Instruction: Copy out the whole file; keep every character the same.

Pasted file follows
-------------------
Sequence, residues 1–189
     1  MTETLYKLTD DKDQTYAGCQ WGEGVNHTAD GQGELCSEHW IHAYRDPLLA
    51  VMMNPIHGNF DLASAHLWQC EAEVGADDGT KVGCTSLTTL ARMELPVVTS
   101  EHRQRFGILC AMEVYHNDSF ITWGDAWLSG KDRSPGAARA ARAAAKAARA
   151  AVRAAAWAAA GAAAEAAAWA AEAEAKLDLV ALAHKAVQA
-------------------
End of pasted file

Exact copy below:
Sequence, residues 1–189
     1  MTETLYKLTD DKDQTYAGCQ WGEGVNHTAD GQGELCSEHW IHAYRDPLLA
    51  VMMNPIHGNF DLASAHLWQC EAEVGADDGT KVGCTSLTTL ARMELPVVTS
   101  EHRQRFGILC AMEVYHNDSF ITWGDAWLSG KDRSPGAARA ARAAAKAARA
   151  AVRAAAWAAA GAAAEAAAWA AEAEAKLDLV ALAHKAVQA